The man who shrank the world

The death of Sir Frank Whittle has deprived us of a rare talent, writes Charles Arthur
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Sir Frank Whittle, the inventor of the jet engine - the machine which, more than any other, has truly made the world into a global village - died yesterday aged 79, after a long battle with lung cancer.

Sir Frank died at his home near Baltimore, in the US, where he had lived since 1976, working on the next generation of supersonic aircraft, including a Concorde capable of 2,500 mph. Speaking about his plans in 1987, he said: "The technology is feasible. The only hold-up is money, just as it always was."

Sir Peter Masefield, the former chief of British European Airways (later British Airways), who was a close friend for 50 years, described him as "a great man who changed the face of aviation". Other citations during his life described him as "the father of the jet age".

Born in Coventry in June, 1907, Sir Frank's origins were solidly British and working-class. He was also one of the last survivors from what is often seen as a golden age of British invention.

His revolutionary concept, which put Britain at the forefront of the jet age, arose from his science thesis, written in 1928, when he was a young cadet at RAF Cranwell. He patented the idea of the jet engine in 1930, but found the road to success paved with indifference, and progress repeatedly blocked.

The jet engine works by taking a large volume of slow-moving air at its intake, then compressing it and igniting a fuel mixture which is then forced at high speed from the exhaust. The maths is straightforward, but building the engine was not.

The Air Ministry dismissed the concept and told him development difficulties were too great. In 1934, the Secretary of State for Air wrote: "We do not consider that we should be justified in spending any time or money on it."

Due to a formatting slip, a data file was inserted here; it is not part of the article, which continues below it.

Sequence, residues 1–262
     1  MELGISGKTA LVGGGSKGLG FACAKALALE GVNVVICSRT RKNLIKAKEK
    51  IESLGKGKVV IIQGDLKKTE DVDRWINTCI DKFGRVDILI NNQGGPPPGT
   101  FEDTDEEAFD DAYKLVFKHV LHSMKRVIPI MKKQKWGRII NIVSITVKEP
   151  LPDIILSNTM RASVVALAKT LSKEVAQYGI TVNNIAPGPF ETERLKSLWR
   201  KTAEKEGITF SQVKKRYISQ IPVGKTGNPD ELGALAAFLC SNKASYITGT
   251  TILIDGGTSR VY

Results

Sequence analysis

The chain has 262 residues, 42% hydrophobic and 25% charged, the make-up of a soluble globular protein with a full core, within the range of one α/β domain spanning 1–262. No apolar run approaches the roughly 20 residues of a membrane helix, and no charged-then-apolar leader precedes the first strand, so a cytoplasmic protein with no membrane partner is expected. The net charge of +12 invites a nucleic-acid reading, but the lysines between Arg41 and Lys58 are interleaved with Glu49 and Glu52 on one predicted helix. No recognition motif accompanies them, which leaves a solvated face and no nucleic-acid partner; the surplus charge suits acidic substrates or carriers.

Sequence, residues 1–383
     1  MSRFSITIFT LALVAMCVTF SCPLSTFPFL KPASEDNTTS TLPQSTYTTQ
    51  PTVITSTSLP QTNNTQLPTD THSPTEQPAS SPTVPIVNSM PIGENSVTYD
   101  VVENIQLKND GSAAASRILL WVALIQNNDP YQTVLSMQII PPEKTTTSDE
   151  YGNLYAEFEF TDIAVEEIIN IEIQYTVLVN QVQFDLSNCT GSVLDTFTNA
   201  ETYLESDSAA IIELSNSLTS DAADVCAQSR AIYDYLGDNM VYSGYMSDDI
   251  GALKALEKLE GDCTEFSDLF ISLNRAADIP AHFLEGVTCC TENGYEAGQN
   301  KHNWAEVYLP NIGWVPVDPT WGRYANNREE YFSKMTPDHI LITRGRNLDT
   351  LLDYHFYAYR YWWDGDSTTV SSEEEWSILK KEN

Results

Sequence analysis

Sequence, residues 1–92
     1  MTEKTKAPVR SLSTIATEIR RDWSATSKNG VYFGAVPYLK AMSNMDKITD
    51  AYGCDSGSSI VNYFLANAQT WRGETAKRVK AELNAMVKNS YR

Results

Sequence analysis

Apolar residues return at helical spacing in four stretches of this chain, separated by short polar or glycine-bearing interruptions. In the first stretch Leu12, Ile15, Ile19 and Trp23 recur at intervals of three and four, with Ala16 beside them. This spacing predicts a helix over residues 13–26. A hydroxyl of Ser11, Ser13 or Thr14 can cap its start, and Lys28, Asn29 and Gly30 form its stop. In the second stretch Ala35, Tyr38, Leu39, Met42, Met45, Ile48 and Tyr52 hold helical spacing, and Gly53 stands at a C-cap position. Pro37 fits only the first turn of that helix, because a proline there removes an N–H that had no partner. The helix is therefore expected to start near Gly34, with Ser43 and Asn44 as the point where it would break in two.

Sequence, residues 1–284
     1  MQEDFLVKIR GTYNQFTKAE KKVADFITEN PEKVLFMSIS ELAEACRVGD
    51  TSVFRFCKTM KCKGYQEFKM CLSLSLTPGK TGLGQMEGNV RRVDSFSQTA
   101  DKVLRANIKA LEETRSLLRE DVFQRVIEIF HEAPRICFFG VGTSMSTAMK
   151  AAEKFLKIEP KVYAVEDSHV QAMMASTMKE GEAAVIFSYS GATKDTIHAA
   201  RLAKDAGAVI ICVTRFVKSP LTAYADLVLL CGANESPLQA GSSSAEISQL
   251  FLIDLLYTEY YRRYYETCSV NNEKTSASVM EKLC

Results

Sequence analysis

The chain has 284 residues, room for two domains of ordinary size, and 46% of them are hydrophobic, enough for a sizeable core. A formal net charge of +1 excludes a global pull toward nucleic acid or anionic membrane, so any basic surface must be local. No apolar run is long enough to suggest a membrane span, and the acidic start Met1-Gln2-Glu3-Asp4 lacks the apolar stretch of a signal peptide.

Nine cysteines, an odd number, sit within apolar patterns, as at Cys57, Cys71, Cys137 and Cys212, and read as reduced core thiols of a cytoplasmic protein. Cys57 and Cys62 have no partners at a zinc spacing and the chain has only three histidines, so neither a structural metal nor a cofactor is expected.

The Government failed to see the strategic importance of jet aircraft, and did not keep the patent secret. Undaunted, in 1935 he formed a private company with two RAF colleagues, funded by a pounds 2,000 loan from a firm of investment bankers. They began building their engines, sometimes using reclaimed scrap metal. Finally, in 1939, the Air Ministry conceded that Sir Frank's tiny experimental engine was the basis of a power plant that could take aeroplanes to unparalleled heights and speeds.

On May 15, 1941, Sir Frank's obdurate approach was crowned with success when, at Cranwell airfield, Lincolnshire, the Gloster-Whittle E28/39 became the first turbo-jet powered aircraft to fly successfully.

Jet fighter aircraft finally entered service in 1944, but Sir Frank always maintained they could have been used against Hitler years earlier in the Battle of Britain, but for the government's lack of interest and delays.

The first jet engines did not go into production until 1947. Sir Frank's plans, meanwhile, went to the US, which used them for its entire post- war aircraft industry.

He later bitterly criticised the nationalisation of jet propulsion development, saying it was responsible for Britain losing its world lead in jet engine technology.

Sir Frank was knighted in 1948 and received a reward of pounds 100,000 for his contribution to flight. In the same year, he retired from the RAF, with the rank of air commodore, on the grounds of ill-health.

Obituary, page 14